In The One That I Want (paperback out today), 32-year-old Tilly Farmer is an optimistic school guidance counselor convinced all she needs to be happy is her perfect high-school-sweetheart-turned-husband and the future baby she's trying to have with him. But after a childhood friend cryptically gives her "the gift of clarity" she begins to see visions from her future, and they aren't according to the plan she's mapped out for herself. In this story about family struggles, being stuck in the past, and second chances, Tilly must decide if the life she so carefully put together is really the one that she wants. I spoke with the novel's author, Allison Winn Scotch, about first loves, what-ifs, and what she would tell her 17-year-old self.
TrèsSugar: Did you draw inspiration for the book's protagonist, Tilly, from your own life? Do you share personality traits and characteristics with her?
Allison Winn Scotch: I related a lot to the characters in [my second book] Time of My Life, and I wanted to push myself. With Tilly she was really this foreign person to me in every sense. I didn't understand her; I didn't understand her choices. And I wanted to become a better writer through stepping outside my comfort zone. It forced me to dig deep. It took so many drafts until I finally understood her, and I feel like I'm a better writer for it.
TS: How did you finally understand her? And in what ways do you think your readers will relate to her?
AWS: In the earlier versions of Tilly I really, really wasn't getting her. Then about halfway through the book she starts to get really angry. And in the initial draft she wasn't angry. When I finally made her angry that's what I could tap into. I understood being really pissed off at waking up and discovering that a lot of the life that you wanted is not coming to fruition. And I think a lot of people of our age or our generation can get that. You've worked hard or you've maybe even compromised yourself or given up certain expectations, and then you wake up and you're like, "How did I get here? I made small compromises, but I never thought that my life would be this." And I understood that anger, not because my life isn't wonderful, but because I understand that disappointment. And once I did that, that's when she and I connected.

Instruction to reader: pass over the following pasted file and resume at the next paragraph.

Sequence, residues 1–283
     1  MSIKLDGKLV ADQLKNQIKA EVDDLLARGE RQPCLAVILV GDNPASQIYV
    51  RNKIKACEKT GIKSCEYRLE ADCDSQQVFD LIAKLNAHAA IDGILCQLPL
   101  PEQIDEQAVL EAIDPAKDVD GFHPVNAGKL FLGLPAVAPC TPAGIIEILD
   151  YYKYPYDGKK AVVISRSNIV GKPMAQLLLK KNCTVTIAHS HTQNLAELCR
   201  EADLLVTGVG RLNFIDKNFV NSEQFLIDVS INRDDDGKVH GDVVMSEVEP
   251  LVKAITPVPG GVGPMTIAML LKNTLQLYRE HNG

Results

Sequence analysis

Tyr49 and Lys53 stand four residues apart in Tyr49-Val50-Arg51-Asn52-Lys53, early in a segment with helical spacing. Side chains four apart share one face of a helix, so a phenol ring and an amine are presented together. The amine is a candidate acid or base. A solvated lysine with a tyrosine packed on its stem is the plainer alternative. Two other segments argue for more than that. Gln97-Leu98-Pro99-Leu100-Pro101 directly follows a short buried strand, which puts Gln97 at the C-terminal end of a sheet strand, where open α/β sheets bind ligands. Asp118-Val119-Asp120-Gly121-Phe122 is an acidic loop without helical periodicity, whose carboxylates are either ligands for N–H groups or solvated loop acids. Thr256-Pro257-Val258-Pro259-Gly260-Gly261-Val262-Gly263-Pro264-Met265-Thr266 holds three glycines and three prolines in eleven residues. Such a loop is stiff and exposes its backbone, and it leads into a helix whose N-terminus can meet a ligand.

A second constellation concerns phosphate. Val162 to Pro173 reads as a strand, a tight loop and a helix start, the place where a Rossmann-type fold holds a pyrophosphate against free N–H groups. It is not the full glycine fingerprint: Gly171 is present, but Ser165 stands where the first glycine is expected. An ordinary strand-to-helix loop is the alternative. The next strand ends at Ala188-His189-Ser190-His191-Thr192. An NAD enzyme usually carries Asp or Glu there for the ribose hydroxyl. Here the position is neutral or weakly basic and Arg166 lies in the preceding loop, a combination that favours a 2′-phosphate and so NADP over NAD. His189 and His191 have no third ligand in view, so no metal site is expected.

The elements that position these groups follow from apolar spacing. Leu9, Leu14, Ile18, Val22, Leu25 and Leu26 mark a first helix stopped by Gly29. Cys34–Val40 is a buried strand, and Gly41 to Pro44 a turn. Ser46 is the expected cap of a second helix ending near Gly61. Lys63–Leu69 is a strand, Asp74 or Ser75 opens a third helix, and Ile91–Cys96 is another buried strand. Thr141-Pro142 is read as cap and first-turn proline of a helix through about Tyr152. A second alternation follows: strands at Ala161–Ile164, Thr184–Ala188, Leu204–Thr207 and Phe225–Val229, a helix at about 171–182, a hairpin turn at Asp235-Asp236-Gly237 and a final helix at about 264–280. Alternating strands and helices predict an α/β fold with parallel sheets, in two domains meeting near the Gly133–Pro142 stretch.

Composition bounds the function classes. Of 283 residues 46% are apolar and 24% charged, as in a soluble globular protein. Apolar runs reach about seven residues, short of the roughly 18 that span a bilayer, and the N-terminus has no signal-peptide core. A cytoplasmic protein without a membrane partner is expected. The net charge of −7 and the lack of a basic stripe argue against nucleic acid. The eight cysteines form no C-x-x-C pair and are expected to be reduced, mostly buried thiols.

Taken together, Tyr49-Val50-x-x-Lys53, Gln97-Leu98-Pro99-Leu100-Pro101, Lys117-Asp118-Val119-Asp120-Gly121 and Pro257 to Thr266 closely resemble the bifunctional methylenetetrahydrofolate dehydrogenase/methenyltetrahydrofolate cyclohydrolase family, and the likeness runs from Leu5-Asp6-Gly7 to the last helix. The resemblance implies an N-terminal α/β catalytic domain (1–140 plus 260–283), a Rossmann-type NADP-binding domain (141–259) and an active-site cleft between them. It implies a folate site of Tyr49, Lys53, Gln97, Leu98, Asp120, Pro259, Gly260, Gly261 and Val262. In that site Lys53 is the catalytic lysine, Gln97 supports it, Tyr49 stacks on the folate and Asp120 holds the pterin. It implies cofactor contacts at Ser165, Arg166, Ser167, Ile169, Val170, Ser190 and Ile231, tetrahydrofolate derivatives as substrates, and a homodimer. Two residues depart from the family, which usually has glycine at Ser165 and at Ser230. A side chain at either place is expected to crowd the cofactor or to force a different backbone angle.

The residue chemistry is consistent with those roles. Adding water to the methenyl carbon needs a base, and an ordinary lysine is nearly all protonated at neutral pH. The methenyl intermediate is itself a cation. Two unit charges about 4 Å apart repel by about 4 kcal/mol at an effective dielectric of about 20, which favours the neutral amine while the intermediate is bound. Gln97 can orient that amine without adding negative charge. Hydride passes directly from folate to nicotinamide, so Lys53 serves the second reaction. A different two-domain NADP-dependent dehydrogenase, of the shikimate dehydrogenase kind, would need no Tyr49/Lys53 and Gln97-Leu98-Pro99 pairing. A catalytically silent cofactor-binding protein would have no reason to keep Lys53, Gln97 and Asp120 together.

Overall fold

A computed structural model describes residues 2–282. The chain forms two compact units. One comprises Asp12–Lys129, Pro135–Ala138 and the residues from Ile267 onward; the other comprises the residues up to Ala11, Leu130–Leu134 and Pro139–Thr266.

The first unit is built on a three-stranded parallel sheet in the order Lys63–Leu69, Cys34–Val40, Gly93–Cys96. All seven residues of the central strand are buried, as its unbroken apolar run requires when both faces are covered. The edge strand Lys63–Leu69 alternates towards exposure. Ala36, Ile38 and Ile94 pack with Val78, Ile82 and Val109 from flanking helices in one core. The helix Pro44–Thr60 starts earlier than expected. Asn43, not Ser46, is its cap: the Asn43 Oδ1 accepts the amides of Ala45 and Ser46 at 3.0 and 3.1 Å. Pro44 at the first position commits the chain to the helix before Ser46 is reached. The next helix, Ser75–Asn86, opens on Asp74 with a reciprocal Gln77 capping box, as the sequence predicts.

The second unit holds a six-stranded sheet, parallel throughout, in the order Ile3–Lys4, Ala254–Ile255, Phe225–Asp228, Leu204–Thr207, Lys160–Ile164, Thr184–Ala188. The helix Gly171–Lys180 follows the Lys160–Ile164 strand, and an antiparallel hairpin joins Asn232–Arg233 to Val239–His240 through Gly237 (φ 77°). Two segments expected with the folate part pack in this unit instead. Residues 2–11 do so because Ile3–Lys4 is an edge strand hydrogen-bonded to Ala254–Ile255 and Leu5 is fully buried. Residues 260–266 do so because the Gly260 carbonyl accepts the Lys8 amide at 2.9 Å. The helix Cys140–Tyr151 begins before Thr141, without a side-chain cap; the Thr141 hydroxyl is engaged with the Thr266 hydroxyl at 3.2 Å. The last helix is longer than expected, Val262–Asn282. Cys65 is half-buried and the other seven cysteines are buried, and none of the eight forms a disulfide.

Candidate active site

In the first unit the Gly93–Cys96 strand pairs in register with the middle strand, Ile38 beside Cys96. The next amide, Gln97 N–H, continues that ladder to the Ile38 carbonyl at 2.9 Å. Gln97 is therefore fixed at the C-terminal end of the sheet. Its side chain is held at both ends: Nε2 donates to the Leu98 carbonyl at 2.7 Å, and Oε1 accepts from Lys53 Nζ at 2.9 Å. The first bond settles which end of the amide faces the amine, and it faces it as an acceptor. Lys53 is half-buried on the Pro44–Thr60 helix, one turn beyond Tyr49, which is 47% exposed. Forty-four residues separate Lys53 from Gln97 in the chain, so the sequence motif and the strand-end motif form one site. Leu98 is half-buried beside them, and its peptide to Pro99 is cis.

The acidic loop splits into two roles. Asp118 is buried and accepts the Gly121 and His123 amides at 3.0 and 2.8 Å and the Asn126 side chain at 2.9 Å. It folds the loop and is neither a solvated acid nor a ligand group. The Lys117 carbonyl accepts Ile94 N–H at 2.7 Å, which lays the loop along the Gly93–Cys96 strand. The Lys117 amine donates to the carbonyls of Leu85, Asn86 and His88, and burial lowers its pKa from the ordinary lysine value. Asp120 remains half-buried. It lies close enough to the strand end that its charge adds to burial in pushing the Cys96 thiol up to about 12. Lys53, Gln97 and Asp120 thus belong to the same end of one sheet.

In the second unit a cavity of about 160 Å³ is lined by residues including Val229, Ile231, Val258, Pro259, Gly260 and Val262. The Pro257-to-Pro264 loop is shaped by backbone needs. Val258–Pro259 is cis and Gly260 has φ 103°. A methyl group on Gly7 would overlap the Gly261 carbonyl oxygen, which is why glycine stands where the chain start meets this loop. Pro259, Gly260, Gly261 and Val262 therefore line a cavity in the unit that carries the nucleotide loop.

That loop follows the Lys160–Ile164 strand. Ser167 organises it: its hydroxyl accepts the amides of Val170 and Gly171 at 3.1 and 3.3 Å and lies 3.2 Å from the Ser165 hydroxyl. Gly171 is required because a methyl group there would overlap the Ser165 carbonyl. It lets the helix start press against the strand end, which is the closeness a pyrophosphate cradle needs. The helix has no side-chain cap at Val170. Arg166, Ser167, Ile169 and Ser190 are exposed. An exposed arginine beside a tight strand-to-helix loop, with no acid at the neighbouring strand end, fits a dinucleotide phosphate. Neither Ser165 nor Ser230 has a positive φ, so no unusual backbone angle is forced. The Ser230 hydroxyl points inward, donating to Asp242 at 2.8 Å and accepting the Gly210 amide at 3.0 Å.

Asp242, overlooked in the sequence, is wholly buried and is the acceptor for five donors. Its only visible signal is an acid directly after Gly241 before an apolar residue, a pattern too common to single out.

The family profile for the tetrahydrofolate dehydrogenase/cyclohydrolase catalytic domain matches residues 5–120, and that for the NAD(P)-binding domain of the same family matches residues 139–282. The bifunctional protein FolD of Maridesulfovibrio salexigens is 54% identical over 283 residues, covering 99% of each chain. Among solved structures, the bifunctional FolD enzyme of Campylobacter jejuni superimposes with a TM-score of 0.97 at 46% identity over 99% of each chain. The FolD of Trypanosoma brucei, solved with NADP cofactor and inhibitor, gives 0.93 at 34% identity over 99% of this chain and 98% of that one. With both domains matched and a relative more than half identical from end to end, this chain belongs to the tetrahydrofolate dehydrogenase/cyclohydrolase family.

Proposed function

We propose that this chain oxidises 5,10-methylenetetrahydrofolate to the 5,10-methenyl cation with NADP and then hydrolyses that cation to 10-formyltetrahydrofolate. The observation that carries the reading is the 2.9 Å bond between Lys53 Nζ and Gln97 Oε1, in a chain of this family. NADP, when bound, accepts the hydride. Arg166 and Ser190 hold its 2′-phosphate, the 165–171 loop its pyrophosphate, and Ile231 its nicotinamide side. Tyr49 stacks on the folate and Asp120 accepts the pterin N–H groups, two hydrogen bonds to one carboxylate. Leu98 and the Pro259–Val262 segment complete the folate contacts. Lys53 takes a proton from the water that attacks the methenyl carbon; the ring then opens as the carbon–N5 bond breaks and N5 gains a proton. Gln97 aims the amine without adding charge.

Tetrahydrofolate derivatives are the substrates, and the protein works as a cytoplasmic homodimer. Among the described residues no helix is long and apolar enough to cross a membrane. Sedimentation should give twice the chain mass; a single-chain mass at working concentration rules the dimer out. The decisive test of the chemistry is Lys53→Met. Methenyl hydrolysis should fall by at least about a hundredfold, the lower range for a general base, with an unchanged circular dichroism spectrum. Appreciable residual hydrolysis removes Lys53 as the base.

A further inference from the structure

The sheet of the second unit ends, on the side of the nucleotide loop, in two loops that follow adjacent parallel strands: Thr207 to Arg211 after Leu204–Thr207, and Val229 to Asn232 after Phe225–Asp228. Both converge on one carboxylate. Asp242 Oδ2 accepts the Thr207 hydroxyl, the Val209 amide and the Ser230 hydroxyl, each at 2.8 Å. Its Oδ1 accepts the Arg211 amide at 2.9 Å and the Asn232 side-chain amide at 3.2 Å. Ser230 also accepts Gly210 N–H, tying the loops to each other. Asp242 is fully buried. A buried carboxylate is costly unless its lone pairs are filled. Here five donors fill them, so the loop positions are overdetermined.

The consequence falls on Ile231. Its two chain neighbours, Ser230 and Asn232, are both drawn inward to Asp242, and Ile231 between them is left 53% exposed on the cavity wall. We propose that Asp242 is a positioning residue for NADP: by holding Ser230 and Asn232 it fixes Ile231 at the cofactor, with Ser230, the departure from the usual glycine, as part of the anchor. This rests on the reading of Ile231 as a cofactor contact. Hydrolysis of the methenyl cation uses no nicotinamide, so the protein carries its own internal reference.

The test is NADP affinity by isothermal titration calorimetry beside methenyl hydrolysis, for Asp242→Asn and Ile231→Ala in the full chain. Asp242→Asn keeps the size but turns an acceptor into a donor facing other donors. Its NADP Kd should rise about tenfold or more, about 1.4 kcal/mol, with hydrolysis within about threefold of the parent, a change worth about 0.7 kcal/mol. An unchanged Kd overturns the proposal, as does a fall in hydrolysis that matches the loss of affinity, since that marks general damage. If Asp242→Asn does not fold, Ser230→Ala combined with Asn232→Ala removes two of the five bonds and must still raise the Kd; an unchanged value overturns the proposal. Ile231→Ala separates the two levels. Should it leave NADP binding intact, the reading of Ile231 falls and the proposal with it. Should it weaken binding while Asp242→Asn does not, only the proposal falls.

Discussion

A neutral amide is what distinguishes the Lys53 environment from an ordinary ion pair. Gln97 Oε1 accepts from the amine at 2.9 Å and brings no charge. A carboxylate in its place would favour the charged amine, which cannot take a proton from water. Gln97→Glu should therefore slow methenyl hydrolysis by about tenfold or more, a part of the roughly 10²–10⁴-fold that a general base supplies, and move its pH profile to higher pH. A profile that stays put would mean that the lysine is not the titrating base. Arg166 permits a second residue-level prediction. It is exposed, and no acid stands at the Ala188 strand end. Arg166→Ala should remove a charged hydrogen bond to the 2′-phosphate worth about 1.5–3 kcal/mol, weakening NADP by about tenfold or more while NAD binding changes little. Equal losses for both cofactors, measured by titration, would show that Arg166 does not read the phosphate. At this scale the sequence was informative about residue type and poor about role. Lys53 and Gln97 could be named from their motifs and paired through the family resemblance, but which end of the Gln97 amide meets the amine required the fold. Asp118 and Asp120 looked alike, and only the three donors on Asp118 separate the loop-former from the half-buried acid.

TS: In both Time of My Life and The One That I Want there's a time travel theme that forces the heroine to look back and question if she's made the right life choices along the way. Are there things in your own life that you would change if you could? Find out her answer when you keep reading.
AWS: In hindsight, I have a pretty great life. I've been married for nine years, I have two really great kids, and I have a career that I'm grateful for every day. Are there moments in my 20s that maybe I wish I hadn't compromised myself in relationships and sort of let my self-esteem take a blow? Well, sure. And I also went through a series of years in my 20s where I really didn't know what to do with my life career-wise. I tried on a bunch of different hats, none of them fitting particularly well. But I don't know that you can regret that, because if I look at the sum of where I am, don't all roads lead to here?